A client once told me “If we’re going to pull our pants down, we might as well pull them down all the way; not halfway.” By this, I choose to believe he meant that if you’re going to put yourself out there, give 110%, go for broke, finish strong, “YOLO” or your pick of any other cliché colloquialisms meaning “give it your all.” Oddly enough, his bizarre analogy is applicable in every aspect of life. Having begun my PR career in recent memory, I see a particular opportunity during this time of the year for students graduating with a PR degree to apply this idea when interviewing for internships or entry-level positions.
If you’ve been contacted for an interview, I’d like to extend my sincere congratulations. It’s no cake walk out there right now, so this is not a small feat by any means. Now that you know a company is relatively interested in you, don’t screw it up with a lackluster interview. Separate yourself from the herd with these eight strategies:
1. Do your homework.
Visit the website. Study company history. Make educated references throughout the conversation. This one is pretty cut and dry, yet overlooked far too often. Nothing is worse than interviewing someone who isn’t intimately familiar with the position they’ve applied for and the company doing the hiring.
2. Stay hydrated.
While this is just flat out good advice in general, it’s particularly important during an interview. When asked if you’d like a glass of water, just say yes. Not only is it the best defense against a scratchy throat, this refreshing beverage can double as an object to hold to avoid fidgeting, a preventative measure against “talking head syndrome” and a convenient opportunity to pause for a drink while carefully contemplating your response to a difficult question. Humphrey Bogart had his cigarette, you have your water.
3. Bring something to the table.
Literally bring something to the table. A copy of your resume and a comprehensive portfolio with your most impressive work from previous positions would be ideal, but any kind of tangible material to share is better than nothing. Having examples on hand to reference as you’re attempting to sell your experience and skill is invaluable. Anybody can say they have the experience, but showing the work itself is what makes an impression.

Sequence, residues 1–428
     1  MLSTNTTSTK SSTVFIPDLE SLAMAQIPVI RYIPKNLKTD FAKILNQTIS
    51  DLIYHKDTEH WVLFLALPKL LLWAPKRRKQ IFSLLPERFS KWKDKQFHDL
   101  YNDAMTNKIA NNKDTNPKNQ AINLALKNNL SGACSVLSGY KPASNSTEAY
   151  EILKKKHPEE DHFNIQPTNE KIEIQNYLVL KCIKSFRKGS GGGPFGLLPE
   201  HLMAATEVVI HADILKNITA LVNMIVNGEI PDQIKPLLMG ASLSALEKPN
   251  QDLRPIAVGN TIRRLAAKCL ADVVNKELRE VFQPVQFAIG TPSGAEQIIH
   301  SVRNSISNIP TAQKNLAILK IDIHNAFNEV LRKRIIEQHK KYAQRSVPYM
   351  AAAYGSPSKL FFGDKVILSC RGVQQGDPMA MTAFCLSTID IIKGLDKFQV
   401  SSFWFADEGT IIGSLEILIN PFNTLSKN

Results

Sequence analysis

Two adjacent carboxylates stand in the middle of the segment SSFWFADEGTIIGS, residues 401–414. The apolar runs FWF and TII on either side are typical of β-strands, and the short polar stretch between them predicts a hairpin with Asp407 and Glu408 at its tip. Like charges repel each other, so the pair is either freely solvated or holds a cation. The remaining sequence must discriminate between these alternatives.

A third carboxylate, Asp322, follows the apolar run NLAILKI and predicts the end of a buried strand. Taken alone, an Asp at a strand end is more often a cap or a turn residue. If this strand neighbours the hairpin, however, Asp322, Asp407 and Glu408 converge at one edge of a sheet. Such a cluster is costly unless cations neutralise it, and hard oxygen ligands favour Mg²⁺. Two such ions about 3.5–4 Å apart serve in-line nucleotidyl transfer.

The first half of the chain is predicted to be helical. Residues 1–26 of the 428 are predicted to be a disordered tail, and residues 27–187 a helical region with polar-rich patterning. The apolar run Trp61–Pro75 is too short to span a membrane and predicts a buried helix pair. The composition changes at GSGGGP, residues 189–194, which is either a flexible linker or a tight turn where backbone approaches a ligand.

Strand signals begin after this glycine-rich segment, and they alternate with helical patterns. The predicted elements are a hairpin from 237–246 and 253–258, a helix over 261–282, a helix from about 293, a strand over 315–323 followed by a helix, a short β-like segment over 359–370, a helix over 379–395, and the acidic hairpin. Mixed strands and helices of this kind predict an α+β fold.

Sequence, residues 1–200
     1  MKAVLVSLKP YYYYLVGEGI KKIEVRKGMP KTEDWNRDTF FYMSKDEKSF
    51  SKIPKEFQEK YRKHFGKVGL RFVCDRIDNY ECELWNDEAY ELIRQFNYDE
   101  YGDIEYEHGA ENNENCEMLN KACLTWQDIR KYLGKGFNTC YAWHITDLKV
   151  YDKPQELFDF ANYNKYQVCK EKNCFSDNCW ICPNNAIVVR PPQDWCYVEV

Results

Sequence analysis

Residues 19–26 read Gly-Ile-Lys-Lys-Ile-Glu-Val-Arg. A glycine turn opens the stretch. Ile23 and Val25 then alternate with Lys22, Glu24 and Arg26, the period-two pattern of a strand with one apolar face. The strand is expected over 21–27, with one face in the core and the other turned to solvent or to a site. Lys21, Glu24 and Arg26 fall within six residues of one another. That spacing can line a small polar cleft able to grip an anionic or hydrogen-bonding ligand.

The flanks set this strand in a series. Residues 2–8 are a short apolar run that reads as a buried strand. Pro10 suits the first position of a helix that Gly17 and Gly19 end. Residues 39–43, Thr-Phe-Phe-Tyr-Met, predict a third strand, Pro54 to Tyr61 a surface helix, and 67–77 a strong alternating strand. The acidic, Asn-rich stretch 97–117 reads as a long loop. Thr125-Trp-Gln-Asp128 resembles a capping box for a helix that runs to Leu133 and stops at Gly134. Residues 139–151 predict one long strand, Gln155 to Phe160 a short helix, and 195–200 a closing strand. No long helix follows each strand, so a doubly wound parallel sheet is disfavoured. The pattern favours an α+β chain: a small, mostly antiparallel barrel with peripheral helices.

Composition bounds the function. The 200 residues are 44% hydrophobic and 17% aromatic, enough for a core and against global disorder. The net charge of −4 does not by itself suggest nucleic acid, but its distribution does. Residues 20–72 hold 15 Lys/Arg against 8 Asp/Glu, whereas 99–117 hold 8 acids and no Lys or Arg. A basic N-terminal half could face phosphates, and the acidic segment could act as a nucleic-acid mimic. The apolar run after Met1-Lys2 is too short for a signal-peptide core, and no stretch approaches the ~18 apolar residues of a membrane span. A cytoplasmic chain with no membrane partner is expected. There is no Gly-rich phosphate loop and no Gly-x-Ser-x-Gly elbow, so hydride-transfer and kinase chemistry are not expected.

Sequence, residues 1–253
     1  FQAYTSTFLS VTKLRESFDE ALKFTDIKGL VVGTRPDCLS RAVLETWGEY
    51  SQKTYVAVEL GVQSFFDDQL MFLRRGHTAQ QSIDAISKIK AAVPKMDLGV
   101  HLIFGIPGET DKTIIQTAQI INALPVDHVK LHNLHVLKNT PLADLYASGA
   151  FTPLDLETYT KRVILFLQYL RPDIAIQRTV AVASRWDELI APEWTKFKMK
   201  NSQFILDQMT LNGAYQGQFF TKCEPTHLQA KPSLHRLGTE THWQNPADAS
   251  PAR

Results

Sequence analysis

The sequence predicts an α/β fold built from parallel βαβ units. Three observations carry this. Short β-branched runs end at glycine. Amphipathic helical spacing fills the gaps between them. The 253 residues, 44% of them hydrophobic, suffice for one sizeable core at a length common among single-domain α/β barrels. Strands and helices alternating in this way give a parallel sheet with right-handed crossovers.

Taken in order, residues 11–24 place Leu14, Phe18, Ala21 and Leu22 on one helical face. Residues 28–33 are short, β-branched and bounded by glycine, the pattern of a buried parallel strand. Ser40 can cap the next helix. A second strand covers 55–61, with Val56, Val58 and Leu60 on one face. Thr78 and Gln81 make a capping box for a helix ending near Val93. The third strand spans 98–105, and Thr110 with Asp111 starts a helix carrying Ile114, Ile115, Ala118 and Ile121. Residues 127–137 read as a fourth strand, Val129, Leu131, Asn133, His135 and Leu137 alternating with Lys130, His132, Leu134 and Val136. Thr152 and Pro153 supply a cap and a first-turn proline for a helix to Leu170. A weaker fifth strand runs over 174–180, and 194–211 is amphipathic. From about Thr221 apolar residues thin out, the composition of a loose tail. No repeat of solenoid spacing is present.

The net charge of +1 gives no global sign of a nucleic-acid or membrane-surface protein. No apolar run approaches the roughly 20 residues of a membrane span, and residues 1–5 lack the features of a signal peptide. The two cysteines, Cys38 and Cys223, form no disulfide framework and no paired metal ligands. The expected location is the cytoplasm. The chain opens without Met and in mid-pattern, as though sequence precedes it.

4. Exude confidence.
There’s a fine line between being confident and being just plain cocky. Walk it. Walk that line like Johnny Cash. Shake hands firmly, sit up straight, make eye contact, speak with authority, smile, gesture and for Pete’s sake, relax. Remember that these people you’re talking to are just that, people. If it isn’t evident to everyone in the room that you believe in yourself and your abilities, then who are you to expect that anybody else would?
5. Have some substance.
Many recent college graduates are consumed with the notion that acting “grown up” and professional are the keys to a job offer. This is not the case. Although professionalism and etiquette are prerequisites for most positions, it’s important to always remain authentic and show some personality. Qualified individuals that are genuinely interesting people trump equally qualified professional zombies any day. But don’t come back here complaining that you didn’t get the job because you opened up a can of weird during your first encounter with a potential co-worker. That’s on you.
6. Make a suggestion.
It’s true that not everybody appreciates constructive criticism. But nobody likes a brown-noser. It’s all well and good to communicate how much you like the company, but perfection is an elusive beast and flattery is flagrant more often than not. Share several areas of the company that you think could be improved and provide realistic solutions for doing so. This shows that you’ve done your homework (see #1), you have some original ideas and that you’re not afraid to voice them.
7. Interview the interviewer.
Typically an interview will conclude with a Q&A. Be prepared to ask a few questions. While the interview is an opportunity for the company to check you out, it’s also your chance to determine whether or not you’d actually like to work there. What is the company culture like? What brand of coffee do they brew? What, if anything, is required of the position that is not stated on the job description? Are pets allowed? An interview should be approached like a first date; you should be slightly more concerned with whether or not you like them than you are about their feelings toward you. If it’s not a good fit, sneak out the bathroom window and don’t look back.
8. Send a thank you note.
Now it’s time to seal the deal. Contrary to popular belief, hiring managers at some companies do not spend their entire day searching for candidates. Chances are, interviews are not this person’s only responsibility at work. It takes a great deal of time behind the scenes to screen candidates, schedule interviews and manage the process. Showing you understand that their time is precious and you appreciate being given a shot will go a long way. Handwritten is always better.
That’s my spiel. You’ve already got the interview. The hard part is over. Now make the necessary preparations, be yourself, go out there with your metaphorical pants around your ankles and get hired.